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President Trump’s Chinese Gamble

At first glance the simmering US-China trade war does not bode well for the global economy, to say nothing of geopolitical relations between the world’s two superpowers. The US Treasury’s naming of China as a currency manipulator last week marks a further escalation of hostilities which will undoubtedly inflict more harm on consumers and rattle markets. A global recession seems imminent.

But President Trump is right to take action against China’s misdeeds on the international trade front, even more so because, having been drawn up primarily in the 20th Century, the international legal framework governing trade, that is to say the laws of the WTO, is inadequate to address the unfair economic policies of President Xi’s regime. These include restrictions on inward investment, forced technology transfer by foreign firms and weak protection of intellectual property. Where WTO rules are helpful, as in the case of state subsidies and dumping, the slow process of dispute settlement, now weakened due to the US’s resistance to the appointment of new judges, often makes effective resolution through this forum impractical.

China may well have artificially depreciated the renminbi in response to the latest round of US tariffs on their exports, although it is more likely that the Chinese currency fell naturally due to continuing US tariff pressures. The more important point is that international law, in this case the rules of the IMF, lacks effective sanction against competitive currency devaluation. The IMF could threaten to deny China access to its resources or expel it from the organization altogether, but neither would work against China given its economic might. Ultimately all the IMF can do is name and shame. It is no surprise, then, that the US with its economic clout and Trump’s combativeness, has chosen to respond to China on its own.

Where the multilateral economic system has failed, so bilateralism should step in to fill the gap. The 11-nation Comprehensive Progressive Trans-Pacific Partnership which the US dramatically abandoned on Trump’s first day in office, contains binding protections for foreign investors, prohibiting forced technology transfer, state subsidies and more. It would have also forbidden currency manipulation, although this feature was scrapped from the final version. Likewise the US Mexico Canada Agreement (USMCA) covers all these issues, including a specialized mediation system to deal with currency manipulation which far exceeds what the IMF has done. These are just two examples of how international law can de-escalate trade wars, bolstering economic relations rather than tearing them down.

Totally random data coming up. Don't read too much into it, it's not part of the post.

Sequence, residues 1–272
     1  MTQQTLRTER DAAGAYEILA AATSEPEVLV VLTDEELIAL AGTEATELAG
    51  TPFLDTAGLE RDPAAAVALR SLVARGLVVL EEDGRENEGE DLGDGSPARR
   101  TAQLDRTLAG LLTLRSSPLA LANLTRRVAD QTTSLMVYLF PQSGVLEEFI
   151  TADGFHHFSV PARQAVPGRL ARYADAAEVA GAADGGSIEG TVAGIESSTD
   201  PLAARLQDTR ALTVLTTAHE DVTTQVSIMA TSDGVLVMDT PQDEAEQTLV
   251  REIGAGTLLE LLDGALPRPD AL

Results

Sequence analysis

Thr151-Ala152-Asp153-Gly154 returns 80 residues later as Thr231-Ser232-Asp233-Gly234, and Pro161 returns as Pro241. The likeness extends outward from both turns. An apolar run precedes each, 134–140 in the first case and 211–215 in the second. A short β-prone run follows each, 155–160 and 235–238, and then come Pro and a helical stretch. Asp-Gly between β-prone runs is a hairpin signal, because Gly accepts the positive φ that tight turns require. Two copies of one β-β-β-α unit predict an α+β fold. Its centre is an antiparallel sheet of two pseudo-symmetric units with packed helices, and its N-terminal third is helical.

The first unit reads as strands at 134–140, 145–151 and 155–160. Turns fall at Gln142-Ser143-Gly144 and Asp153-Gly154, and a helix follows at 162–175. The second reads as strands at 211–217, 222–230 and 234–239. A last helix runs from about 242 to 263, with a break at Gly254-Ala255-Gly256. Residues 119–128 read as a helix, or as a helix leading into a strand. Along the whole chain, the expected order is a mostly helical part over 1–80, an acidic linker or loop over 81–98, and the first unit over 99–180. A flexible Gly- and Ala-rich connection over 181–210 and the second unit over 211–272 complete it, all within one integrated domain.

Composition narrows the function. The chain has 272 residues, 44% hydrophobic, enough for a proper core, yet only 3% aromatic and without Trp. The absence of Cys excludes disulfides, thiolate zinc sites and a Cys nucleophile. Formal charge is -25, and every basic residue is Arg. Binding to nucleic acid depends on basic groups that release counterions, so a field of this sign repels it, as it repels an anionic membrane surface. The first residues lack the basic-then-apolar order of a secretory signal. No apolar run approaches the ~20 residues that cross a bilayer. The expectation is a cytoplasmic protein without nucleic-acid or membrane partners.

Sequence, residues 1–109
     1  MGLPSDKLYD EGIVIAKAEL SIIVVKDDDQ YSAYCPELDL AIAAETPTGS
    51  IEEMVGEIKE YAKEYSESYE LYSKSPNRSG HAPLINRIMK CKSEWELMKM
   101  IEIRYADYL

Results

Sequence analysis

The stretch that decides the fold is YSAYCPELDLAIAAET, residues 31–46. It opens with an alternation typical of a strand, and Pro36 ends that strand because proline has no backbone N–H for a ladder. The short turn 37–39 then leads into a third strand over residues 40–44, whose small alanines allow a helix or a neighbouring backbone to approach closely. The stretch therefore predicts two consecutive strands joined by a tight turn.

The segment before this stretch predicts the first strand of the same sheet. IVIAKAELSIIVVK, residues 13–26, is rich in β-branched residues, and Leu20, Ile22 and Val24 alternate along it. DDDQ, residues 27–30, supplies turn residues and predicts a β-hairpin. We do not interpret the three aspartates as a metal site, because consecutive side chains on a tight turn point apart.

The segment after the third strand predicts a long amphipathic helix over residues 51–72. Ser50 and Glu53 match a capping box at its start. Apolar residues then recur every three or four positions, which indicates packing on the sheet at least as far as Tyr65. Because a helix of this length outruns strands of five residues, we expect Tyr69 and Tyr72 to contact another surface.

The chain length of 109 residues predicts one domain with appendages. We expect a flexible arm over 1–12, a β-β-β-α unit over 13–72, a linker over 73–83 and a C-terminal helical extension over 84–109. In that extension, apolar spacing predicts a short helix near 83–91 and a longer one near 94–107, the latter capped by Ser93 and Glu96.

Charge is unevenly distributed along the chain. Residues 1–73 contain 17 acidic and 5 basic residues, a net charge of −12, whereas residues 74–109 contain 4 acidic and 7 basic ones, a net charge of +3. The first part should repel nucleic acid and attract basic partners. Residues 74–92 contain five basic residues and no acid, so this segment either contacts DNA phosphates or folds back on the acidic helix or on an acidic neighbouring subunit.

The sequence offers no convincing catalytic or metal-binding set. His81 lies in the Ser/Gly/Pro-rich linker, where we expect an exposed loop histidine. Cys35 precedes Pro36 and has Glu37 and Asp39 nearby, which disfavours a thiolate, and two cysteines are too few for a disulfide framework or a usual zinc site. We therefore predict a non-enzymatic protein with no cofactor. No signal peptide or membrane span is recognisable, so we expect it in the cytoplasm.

Instead of lashing out at one another the best way forward for the US and China is to return to the negotiating table and conclude a comprehensive trade agreement with reciprocal, enforceable legal obligations fit for the 21st century. At all times and in all places rule of law should govern: as between individuals, so between countries.

A US-China trade agreement would contain prohibitions against currency manipulation which would be enforceable through binding arbitration. It would also prohibit many of the other trade malpractices of which the US has accused China in recent years, including protections for US investors and their intellectual property. It would slash tariffs on a whole range of goods putting money back into consumers’ pockets and re-establishing important supply chains. Having made commitments bilaterally and adjusting the regulation of its domestic economy accordingly, China might even be disposed to reform its approach to its other trading partners, benefiting the whole world. This could be very important for the UK as it enters its post-Brexit phase.

Whether Trump’s strategy of hitting China hard with tariffs will force China to conclude a trade agreement is uncertain. It worked with the USMCA, much as it persuaded the EU to expand US beef imports. Either way, the president’s goal of seeking a ‘deal’, meaning a treaty binding under international law in which there are real consequences to breach of promises, is commendable and quite possibly worth the short term pain.


Professor David Collins

David Collins is Professor of International Economic Law at City, University of London and a member of Politeia's Academic Advisory Council. A WTO specialist, he previously practised commercial litigation in Toronto and was a prosecutor for the Attorney General in Ontario, Canada. His publications include The Public International Law of Trade in Legal Services (Cambridge, 2019), An Introduction to International Investment Law (Cambridge, 2016). Twitter: @davidcollinslaw.

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